Lucibel1984
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Trapcode Lux plugin for After Effects is a cool postproduction solution to this. Basically, it creates artificial lights & beams. I've often used it in day for night, e.g. I shot a cathedral in the daytime, masked the cathedral out, applied filters to the surroundings, including the sky, so it looked a lot darker, then added an artificial moon that cast a beam on the cathedral.

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Mad_mardy
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check out this photograph and tell me what you think.

Yes it is stylised using the night is blue convention and it for a childrens drama (ghost story)
actually i must add this is not the finished version this was just for the website and it looks better on the vid monitor

http://www.nest-films.co.uk/miniseries1/echos/images/school1.jpg

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Rodreguez
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That seems to work. Nice. How did you film it? Gels or filters? I wouldnt have it so blue for my film, but as you say, it's for kids tv, for which I imagine it would be effective...

Unicorn
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The bright sky is a dead giveaway... but that's true of a lot of older movies with budgets too.

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infocus
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It's quite convincing, though Unicorn makes a fair point about the sky. Have you tried reducing the saturation, so it's still blue but not so intense? I think it makes my point above (about lighted windows and practicals) quite well. If the script calls for it to be dead of night with everyone asleep, yes, the effect works well. If it's intended to be earlier on, with activity in the house, then no, it doesn't - to give that impression you'd expect to see lights on in some of the windows, and I don't see how that could be achieved day for night. I suspect it would just be easier to do it for real than attempt it in post......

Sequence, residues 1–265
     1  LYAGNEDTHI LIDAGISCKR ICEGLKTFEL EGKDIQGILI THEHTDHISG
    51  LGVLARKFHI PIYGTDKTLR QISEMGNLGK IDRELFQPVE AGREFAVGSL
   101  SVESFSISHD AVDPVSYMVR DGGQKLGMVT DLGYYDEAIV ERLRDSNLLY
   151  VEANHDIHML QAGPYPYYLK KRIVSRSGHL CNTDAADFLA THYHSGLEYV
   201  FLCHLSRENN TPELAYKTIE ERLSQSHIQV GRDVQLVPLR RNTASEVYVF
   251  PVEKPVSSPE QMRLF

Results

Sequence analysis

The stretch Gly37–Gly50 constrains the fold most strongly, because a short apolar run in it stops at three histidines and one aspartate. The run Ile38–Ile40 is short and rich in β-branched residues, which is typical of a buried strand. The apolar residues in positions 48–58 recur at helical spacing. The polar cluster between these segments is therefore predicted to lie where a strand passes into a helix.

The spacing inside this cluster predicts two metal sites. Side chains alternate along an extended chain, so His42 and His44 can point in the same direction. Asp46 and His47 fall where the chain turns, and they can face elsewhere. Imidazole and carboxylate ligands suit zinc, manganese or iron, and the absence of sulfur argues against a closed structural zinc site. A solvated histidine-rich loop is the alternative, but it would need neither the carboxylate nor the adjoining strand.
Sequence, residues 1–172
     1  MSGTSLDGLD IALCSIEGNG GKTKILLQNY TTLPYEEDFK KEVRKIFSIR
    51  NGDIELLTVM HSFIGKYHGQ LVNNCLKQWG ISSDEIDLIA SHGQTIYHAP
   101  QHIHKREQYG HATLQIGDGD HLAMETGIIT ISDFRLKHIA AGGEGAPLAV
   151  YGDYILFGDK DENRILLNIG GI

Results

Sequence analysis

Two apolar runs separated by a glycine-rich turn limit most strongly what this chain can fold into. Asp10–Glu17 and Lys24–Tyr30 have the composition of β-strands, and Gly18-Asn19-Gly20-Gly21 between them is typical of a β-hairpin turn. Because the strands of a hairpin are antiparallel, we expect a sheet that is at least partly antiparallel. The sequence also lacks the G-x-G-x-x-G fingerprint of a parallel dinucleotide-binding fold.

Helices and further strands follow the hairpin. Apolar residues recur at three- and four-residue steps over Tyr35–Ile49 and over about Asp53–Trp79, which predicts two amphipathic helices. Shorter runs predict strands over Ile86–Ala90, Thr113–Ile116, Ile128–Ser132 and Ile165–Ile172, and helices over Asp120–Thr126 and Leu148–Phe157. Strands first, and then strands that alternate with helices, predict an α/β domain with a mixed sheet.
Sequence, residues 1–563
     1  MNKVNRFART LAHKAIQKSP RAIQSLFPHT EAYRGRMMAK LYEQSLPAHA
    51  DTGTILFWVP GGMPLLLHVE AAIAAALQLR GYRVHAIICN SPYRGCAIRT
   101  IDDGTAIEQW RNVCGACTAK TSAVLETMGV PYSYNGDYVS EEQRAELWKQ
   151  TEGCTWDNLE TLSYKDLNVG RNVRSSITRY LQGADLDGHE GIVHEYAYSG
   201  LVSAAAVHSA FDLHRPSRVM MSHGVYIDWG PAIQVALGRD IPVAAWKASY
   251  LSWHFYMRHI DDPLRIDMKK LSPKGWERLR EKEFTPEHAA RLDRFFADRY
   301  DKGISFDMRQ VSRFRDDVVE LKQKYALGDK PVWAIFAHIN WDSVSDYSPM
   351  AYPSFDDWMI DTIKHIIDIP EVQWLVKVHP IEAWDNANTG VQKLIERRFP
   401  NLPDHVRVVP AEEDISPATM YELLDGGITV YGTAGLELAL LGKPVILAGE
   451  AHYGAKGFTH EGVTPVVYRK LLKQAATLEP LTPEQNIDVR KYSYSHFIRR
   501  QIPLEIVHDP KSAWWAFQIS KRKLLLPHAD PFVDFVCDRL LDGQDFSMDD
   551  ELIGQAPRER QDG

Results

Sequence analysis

Mad_mardy
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Yes infocus i totally agree.
It is dead of night and its a school.
The sky is a problem and i think i have an idea to sort it out.
As far as the amount of blue is concerned thats down to taste but i find for children the combination of blue and black seems to work well.

Here is the original shot
http://www.nest-films.co.uk/images/school.bmp

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infocus
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Given "dead of night", it's quite good - though I think my taste would be for less saturation. To make a more general point, it's worth thinking what action the script for - we are discussing video, not still photography. If (say) two pupils were sneaking along the side, then (say) forcing a window to enter, I think it would be quite difficult to make out what they were doing if shot this way. Filming in true darkness and (subtly!!) lighting I think would make it easier to follow the action, and it enables the use of practicals, torches etc. Don't in any way take this as a criticism of your efforts, but rather as my feeling that day for night is not a true substitute for true night filming - no matter how well the d.f.n. is implemented.

Mad_mardy
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No Infocus i agree again. The previous childerens drama we did was shot in the middle of the country
and focused on a climbing frame in the grounds of a small school and various street shots. We filmed these at night using blondes etc and i think it looks terrific, nice blue effect (again ) and a really black sky.(i must admit i do like a lot of blue, well at least for the ghost stories, if for instance i was doing a christmas film (kids one) i wouldn't use much blue at all probably more of a silver/black.
I think the blue gives more of a creepy feel
So yes true night filming is better than day 4 night
We thought that this enormous school in the middle of london would be impossible to light at night coupled with the fact that people from the school would have to be available, power requirements and cost we agreed that for this shot which is an establishing shot only it would be better all round to go day 4 night.

There is another shot i'm working on in which i made a complete mess up, its an interior shot and it stupidly got filmed as daylight and not night.
again you CAN tell but i think it doesn't look to bad and when in context i doubt people would give it a second thought.

As regards to this image (the night one)
the white backfround doesn't help the eye u could try looking at it here, but as i said the colours were set for a vid monitor and the pc screen doesn't do it justice ;)
http://www.nest-films.co.uk/miniseries1/echos/echopic.htm

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Rodreguez
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Quote:
that day for night is not a true substitute for true night filming

How can you film a scene like this at true night time? I mean, would you be able to see anything at all? I'd like to shoot the outside of a house at night with no lights on in the house if I felt I didnt need to use day for night, but I just figured you wouldnt be able to see anything at all...